Mobile dental clinic builder mum so far

The spokesman for the Hamilton manufacturer of mobile dental clinics which are at the centre of a toxic chemical scare is yet to front up to media questions.

Yesterday, Waikato Times called the after-hours phone of Te Rapa-based company Action Motor Bodies after mobile dental clinics were pulled from service due to what is believed to be high levels of formaldehyde in ceiling tiles.

The firm's website shows it made 94 mobile dental clinics for New Zealand district health boards in 2011 and 2012. The man who answered the phone, giving his name as Chris and refusing to give his surname, said he was enjoying a family day and questions would have to wait another day.

The manufacturing manager of Action Motor Bodies is Chris Devoy.

In Canterbury, dental technicians and thousands of schoolchildren have suffered headaches, skin rashes and itchy eyes.

Canterbury DHB called for a broad spectrum test last month and found formaldehyde levels in the ceiling tiles of vehicles manufactured by Action Motor Bodies were 200 per cent above Workplace Exposure Standards.

They pulled 22 vans from service for testing and decontamination. Other DHBs have started testing, with at least two more vans found to be affected.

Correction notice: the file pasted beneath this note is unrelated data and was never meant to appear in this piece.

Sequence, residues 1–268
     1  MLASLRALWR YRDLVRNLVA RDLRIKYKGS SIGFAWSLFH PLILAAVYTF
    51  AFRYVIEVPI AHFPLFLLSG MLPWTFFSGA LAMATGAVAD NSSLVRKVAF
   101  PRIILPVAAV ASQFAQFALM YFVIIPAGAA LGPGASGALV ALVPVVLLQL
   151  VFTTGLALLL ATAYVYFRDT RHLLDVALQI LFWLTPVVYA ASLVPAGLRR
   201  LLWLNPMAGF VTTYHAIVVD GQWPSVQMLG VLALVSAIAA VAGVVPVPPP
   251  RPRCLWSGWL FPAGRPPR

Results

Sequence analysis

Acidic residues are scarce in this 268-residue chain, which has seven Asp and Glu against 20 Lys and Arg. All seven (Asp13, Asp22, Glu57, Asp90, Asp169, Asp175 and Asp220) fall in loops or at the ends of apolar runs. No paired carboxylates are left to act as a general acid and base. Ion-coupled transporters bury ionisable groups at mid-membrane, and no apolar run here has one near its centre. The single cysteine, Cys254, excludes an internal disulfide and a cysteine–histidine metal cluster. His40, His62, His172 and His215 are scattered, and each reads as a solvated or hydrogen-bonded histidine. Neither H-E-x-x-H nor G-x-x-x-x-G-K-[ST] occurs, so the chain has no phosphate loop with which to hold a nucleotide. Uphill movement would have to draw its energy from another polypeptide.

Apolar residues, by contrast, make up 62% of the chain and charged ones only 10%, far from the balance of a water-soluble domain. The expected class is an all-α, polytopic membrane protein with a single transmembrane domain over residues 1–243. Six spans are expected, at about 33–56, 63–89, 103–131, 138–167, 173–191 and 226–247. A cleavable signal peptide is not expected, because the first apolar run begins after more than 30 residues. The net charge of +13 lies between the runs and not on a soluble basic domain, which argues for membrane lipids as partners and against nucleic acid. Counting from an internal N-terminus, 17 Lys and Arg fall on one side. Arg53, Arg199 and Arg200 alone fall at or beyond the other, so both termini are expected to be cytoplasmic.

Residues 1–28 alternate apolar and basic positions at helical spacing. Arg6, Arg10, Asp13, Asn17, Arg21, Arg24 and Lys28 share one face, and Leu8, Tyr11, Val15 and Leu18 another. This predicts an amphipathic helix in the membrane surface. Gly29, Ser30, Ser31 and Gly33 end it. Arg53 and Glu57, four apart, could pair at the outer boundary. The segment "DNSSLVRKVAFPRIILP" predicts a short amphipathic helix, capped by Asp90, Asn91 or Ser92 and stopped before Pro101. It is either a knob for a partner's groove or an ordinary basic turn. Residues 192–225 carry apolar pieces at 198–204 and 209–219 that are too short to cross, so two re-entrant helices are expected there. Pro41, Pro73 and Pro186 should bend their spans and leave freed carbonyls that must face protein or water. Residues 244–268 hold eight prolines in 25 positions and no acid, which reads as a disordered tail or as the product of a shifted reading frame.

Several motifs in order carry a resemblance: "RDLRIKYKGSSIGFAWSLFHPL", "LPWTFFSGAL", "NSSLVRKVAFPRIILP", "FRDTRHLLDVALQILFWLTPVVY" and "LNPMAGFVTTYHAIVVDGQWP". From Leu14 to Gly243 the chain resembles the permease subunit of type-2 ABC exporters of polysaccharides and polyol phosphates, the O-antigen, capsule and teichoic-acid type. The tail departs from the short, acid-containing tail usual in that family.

Dental therapists had complained about an acrid smell and symptoms of chemical exposure from the vans since March 2013. They suffered headaches, nausea, itchy eyes, runny noses, aggravated asthma and skin irritation.

They feared thousands of primary and preschoolers had been put at risk.

The odour forced Canterbury DHB to order a Chemsafety test that identified high levels of the hazardous chemical styrene in the air.

A new ventilator system was installed last year but the smell persisted and more than 1000 rural schoolchildren have since been treated at the clinic.

The National Union of Public Employees became involved six weeks ago and "refused point-blank" to allow staff back in the vehicles on health and safety grounds.

The DHB called an urgent meeting with staff and offered health monitoring to those suffering from chemical exposure symptoms.

Dr Andrew Hilliard, an independent occupational physician, was unconcerned about the risk to children and workers. He said the long-term risk from minor exposure was "very low".

Worksafe NZ would investigate how the contamination occurred.

Publically listed Tourism Holdings Limited owned Action Motor Bodies and in 2011 secured a $50 million contract to build St John ambulances.

Waikato Times